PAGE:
Saturday's New York times included the latest column by Thomas Friedman, entitled "(No) Drill, Baby, Drill." Friedman discusses the tremendous progress made in Costa Rica over the past 20 years with regard to that country's move towards reliance on renewable energy, and he brings out some interesting facts, including:
- As of today, 95 percent of the country's energy is generated through renewable sources;
- Five years ago, the country discovered oil, but refused to drill so as not to impact either the national political scene or the environment; and
- A 3.5 percent carbon tax now provides dividends and assistance to over 7,000 citizens.
Friedman closes with this admonition:
As we debate a new energy future, we need to remember that nature provides this incredible range of economic services — from carbon-fixation to water filtration to natural beauty for tourism. If government policies don’t recognize those services and pay the people who sustain nature’s ability to provide them, things go haywire. We end up impoverishing both nature and people. Worse, we start racking up a bill in the form of climate-changing greenhouse gases, petro-dictatorships and bio-diversity loss that gets charged on our kids’ Visa cards to be paid by them later. Well, later is over. Later is when it will be too late.
The Costa Rican environmental situation is certainly a best-case scenario, but what Friedman does not cover is the cost that the government incurred as a result of its switch from a 5o percent oil/50 percent hydro base of energy production to the current level of 95 percent renewable sources. In a country the size of Costa Rica, the costs were probably significant in relation to its economy - but when compared with a nation the size of the United States, how would those costs transfer?
The Costa Rican government laid some strong groundwork early on by combining several energy-related positions into one office, and by making immediate investment in conversion away from an oil-based economy. Two things to keep in mind, however, are that the process there was started 20 years ago, and the national costs overall would have been lower. Here in this country, we are already decades behind the curve; there has been no effort to consolidate those with oversight over the environment and energy sectors, and to this point - other than talk in broad terms - there has been no serious effort to look at renewable energy. And with all of the talk about our energy independence, why has there been no consensus among the Republicans and Democrats over the best way to achieve - much less even try for - reaching that goal and getting off foreign oil (as advocated most heavily in recent months by T. Boone Pickens)?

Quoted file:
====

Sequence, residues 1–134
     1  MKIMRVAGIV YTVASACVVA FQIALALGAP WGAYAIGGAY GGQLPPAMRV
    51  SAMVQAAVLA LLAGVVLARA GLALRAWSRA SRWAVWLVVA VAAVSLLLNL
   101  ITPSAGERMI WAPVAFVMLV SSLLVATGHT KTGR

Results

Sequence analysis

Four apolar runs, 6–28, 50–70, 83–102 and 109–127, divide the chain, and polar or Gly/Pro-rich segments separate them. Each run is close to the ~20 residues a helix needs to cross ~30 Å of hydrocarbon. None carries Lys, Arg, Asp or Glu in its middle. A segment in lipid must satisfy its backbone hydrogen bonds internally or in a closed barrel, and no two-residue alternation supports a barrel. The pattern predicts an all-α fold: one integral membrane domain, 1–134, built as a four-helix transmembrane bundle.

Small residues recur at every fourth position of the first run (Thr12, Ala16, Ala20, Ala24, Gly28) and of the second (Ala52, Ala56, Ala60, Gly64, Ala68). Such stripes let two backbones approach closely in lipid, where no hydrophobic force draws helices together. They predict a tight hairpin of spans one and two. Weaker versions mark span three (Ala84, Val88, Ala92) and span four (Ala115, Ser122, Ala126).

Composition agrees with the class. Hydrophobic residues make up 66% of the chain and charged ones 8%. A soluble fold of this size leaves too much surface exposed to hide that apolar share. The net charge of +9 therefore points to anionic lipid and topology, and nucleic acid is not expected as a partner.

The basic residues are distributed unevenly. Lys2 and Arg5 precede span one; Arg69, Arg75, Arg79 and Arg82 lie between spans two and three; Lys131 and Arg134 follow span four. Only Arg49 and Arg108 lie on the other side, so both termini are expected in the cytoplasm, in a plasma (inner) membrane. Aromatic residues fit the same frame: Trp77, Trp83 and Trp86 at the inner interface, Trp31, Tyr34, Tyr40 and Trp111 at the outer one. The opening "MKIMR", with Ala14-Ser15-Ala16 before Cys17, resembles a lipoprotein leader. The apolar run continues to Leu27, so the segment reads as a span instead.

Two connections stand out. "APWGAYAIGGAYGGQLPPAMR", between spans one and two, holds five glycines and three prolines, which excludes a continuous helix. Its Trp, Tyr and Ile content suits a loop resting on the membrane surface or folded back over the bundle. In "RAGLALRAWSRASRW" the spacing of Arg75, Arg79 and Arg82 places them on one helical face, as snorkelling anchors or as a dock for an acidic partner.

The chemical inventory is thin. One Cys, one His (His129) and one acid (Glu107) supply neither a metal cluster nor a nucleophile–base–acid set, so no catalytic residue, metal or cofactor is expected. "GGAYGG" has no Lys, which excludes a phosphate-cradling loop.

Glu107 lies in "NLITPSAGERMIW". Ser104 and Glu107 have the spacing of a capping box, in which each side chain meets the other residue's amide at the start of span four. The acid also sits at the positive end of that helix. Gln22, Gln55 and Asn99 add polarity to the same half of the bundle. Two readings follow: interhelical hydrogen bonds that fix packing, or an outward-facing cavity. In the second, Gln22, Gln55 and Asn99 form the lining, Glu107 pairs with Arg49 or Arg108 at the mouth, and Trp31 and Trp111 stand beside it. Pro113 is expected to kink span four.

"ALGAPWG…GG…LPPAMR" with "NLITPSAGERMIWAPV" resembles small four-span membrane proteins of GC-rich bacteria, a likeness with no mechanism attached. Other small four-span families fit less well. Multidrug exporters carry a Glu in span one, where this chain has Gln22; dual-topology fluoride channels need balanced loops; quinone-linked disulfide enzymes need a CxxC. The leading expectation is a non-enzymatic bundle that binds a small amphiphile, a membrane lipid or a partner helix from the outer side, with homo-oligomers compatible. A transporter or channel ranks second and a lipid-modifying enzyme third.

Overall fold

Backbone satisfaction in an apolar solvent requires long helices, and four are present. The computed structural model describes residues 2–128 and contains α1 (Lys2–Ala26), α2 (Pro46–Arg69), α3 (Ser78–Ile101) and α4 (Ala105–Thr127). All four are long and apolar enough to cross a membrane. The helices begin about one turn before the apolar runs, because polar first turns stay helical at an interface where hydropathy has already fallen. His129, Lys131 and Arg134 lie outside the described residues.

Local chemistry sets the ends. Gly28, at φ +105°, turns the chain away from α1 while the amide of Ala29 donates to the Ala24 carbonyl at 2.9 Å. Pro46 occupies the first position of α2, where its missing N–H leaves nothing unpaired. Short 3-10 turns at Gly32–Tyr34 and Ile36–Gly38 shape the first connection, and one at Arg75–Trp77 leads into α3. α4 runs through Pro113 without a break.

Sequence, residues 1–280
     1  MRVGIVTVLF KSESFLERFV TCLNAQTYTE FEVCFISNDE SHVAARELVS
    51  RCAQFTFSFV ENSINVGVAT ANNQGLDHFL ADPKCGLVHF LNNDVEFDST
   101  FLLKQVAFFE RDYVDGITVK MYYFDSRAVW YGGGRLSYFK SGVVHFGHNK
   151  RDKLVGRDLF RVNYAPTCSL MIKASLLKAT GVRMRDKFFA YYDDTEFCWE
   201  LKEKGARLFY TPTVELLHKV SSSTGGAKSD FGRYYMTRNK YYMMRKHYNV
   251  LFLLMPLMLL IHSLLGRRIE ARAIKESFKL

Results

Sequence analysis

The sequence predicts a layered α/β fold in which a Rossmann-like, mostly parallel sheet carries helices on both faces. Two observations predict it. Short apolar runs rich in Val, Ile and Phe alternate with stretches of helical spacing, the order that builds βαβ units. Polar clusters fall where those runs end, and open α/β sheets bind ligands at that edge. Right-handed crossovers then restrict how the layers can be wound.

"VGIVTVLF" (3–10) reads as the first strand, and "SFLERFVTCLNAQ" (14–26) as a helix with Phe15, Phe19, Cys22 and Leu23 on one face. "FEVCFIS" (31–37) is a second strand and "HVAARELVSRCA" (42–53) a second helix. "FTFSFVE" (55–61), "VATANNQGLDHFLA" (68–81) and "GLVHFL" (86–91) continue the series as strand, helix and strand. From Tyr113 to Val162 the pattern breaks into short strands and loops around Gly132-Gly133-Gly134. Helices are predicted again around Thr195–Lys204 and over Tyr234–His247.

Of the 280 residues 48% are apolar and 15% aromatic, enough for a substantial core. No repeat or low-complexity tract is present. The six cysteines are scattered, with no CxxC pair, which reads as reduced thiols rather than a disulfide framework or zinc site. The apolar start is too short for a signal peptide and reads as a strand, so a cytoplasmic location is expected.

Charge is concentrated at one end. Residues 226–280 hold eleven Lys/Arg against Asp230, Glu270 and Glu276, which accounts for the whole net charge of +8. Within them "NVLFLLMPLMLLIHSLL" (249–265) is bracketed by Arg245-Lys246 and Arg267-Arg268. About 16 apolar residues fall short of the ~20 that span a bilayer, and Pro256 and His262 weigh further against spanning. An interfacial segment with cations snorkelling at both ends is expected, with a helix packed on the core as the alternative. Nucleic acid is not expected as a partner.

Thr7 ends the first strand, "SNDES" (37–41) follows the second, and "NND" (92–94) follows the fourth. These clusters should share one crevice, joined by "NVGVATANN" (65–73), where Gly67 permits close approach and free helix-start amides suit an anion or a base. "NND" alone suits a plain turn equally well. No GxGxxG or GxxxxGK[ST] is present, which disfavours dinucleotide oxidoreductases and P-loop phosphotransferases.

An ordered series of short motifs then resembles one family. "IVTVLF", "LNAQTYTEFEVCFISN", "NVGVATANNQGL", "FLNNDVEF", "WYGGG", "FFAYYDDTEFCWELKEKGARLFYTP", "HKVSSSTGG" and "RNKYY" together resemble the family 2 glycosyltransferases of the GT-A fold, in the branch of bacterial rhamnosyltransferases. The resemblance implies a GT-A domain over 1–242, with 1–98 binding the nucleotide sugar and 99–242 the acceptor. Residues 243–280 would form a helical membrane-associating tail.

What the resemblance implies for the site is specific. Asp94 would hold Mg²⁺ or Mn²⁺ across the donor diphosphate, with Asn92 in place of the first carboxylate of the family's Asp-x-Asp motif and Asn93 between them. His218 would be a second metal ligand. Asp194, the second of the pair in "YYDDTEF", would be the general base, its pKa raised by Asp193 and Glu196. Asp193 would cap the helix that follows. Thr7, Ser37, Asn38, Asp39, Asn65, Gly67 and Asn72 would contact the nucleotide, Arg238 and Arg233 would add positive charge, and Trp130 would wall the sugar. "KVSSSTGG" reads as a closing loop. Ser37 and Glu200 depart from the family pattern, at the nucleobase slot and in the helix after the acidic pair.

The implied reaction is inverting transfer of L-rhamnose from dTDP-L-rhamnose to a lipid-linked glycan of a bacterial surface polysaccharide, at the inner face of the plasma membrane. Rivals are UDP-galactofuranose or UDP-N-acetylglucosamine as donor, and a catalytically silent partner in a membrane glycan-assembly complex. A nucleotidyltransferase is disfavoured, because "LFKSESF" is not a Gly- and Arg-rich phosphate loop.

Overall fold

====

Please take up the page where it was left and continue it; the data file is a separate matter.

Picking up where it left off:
So we come to the current discussion about cap-and-trade and carbon tax as a way of dealing with greenhouse gas emissions in this country. As a consumer, my biggest concern about either of them is that it will result in higher energy costs; the money energy producers will need to pay to refurbish plants, install GHG monitoring and recording equipment, upgrade carbon recapture technology, pay taxes on the tonnage of GHG emissions, and/or purchase carbon allowances from producers who fall below the mandatory cap will all be tacked on to the bills you and I get in the mail for power consumption - and at the gas pump. On top of that, why should we be responsible for paying for aggressive energy policy when India, Russia and China produce significant higher levels of GHG.
Despite the ineqality in size (with population, budget, and overall land area) between Costa Rica and the United States, Friedman does do a great job of pointing out the sucess story that occurred when the Costa Rican government put its mind to solving environmental problems. My question, aside from wondering why he didn't figure the costs of such a program into his column, is when our government will get serious about ways of solving the problems we face here? Saying that we're going to get off foreign oil, rely on our own production sources, etc. etc. is great - but talk, unlike the solutions, is cheap.
We should start now (actually, should have started thirty years ago) if we're going to come close to matching 1/10 of the success of our neighbor to the south.